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    Maybe they re-wrote what they need. The problem isn't off the shelf stuff, it's the verticals that are specific to this industry or that. Most are lucky if they can keep up with Windows OS upgrades, they will never manage to port to Linux or another platform as well.

    Of course, most also suck ass and there is a fortune waiting to be made replacing them, but that's another story.
     
  16. Peyomp

    Peyomp New Member

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    OpenOffice is everything that most businesses need...
     
  17. zero xeal

    zero xeal Guest

    oo you lucky basterd, I would drool over having a sparc box... or better an sgi
     
  18. EvilSS

    EvilSS New Member

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    :rofl: :rofl: :rofl:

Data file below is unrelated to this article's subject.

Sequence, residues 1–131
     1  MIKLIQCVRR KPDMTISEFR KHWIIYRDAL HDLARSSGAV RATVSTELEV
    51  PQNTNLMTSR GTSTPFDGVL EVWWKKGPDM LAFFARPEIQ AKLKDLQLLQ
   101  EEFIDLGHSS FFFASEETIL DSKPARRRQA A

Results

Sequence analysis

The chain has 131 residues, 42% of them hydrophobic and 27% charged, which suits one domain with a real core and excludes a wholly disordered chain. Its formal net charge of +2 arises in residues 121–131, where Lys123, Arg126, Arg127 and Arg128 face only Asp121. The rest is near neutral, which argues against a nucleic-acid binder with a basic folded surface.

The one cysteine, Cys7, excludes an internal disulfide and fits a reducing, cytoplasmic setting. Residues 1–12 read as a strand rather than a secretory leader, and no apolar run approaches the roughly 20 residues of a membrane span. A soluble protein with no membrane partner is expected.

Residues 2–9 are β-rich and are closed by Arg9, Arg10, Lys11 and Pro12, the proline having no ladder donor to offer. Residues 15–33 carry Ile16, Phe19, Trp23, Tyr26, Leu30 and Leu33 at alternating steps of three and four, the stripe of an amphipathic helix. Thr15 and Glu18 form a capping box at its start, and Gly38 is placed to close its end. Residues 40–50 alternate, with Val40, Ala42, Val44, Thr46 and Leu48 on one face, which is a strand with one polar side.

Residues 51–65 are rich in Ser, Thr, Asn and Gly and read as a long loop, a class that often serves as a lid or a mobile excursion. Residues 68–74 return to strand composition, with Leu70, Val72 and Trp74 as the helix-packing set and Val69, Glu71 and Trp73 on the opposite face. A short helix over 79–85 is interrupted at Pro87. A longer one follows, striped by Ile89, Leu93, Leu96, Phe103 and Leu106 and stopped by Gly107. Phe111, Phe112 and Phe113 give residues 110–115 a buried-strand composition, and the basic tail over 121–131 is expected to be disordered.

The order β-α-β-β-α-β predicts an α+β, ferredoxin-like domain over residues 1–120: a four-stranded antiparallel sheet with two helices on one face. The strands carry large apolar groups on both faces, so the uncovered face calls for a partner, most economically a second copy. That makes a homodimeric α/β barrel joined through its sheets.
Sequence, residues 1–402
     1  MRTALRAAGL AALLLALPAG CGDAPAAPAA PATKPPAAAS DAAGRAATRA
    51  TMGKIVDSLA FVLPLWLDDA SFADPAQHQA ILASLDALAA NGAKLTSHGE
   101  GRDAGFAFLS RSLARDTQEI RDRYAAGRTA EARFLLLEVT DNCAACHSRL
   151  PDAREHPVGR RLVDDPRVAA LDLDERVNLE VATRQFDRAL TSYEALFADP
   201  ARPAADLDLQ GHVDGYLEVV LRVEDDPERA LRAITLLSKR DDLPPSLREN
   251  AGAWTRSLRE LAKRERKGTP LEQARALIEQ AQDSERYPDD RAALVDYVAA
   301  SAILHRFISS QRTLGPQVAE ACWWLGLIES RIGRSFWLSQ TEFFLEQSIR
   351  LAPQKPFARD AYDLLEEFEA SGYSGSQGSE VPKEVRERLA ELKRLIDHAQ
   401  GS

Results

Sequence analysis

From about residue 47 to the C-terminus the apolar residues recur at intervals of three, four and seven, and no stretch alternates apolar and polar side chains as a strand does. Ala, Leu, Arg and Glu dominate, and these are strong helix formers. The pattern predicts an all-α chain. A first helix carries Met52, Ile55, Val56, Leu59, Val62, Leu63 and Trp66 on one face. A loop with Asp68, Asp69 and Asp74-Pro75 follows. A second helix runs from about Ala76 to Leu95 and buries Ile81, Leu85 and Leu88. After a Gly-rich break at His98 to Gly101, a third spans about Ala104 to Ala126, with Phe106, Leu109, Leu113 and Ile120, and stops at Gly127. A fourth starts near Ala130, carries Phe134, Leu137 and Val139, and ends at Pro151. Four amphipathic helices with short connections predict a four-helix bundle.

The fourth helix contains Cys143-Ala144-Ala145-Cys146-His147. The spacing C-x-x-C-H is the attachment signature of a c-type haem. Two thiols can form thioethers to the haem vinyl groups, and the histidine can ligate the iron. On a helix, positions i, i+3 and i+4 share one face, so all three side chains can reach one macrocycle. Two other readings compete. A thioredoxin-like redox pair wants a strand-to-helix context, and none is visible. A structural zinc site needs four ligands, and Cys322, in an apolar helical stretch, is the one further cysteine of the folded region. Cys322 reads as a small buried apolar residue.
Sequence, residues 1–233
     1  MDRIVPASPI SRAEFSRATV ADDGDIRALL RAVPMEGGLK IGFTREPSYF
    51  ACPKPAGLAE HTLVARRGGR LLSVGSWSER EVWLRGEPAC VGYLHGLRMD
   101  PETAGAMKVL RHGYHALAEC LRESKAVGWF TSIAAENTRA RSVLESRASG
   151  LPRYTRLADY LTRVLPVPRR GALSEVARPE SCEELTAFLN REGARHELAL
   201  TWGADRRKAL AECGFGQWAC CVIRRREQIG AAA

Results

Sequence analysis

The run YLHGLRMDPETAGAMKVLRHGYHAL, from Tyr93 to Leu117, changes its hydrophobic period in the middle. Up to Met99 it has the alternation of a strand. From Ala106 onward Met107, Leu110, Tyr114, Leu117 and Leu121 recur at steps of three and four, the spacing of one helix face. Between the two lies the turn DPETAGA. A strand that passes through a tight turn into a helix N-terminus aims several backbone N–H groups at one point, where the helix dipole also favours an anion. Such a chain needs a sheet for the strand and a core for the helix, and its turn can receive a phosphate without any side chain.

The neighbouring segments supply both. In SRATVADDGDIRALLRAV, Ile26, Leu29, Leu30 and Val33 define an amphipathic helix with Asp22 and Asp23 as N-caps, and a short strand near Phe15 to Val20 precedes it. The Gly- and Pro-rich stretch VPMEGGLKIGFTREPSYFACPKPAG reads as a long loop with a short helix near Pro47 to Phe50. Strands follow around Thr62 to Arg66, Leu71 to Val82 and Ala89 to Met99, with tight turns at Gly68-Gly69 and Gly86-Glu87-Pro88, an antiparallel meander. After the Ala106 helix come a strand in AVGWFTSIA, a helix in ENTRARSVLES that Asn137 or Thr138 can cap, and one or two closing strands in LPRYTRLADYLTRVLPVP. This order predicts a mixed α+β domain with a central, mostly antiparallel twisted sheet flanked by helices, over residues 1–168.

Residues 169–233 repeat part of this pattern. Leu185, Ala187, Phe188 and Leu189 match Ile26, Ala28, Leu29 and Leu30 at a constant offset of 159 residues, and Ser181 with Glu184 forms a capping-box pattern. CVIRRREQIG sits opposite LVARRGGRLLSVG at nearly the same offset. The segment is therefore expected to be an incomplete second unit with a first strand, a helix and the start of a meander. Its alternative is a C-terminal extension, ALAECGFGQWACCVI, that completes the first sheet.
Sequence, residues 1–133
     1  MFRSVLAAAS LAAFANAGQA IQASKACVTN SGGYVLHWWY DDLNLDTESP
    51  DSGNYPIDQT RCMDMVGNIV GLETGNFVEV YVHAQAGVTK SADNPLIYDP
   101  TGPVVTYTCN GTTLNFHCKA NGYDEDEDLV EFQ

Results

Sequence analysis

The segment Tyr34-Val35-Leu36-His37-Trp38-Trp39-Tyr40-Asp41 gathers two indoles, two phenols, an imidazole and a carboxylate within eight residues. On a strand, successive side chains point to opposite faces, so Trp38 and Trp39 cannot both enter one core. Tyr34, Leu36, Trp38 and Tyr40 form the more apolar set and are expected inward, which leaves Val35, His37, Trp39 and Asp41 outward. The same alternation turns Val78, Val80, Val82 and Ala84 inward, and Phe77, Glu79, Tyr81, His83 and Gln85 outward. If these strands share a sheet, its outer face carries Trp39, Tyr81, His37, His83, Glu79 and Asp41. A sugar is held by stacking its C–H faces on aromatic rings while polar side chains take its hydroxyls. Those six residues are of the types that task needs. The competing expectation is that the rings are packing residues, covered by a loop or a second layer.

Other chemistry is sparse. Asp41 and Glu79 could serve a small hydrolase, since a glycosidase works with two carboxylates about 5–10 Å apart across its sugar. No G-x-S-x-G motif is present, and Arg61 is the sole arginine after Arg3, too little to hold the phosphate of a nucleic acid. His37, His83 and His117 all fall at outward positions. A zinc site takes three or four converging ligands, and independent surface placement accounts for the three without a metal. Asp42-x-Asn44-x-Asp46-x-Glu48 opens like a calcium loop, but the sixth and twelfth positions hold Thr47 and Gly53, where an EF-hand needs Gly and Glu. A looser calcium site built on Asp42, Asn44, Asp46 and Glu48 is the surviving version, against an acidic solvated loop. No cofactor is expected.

:ugh:

    No, I mean real businesses. Real businesses need specialized financial packages, they need medical records keeping apps, or energy trading applications, or steel calculators, or marketing tracking and invoicing, or (TV) program scheduling apps, or (god forbid) ERP packages that integrate with EVERYTHING else they have...

    All that shit is usually written for windows.
     
  19. Peyomp

    Peyomp New Member

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    Actually, by numbers... most businesses don't need any of those things. ;)

    :rofl: this guy lives in "everyone is a huge corporation" mode.
     
  20. Penguin Man

    Penguin Man Protect Your Digital Liberties

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    :werd: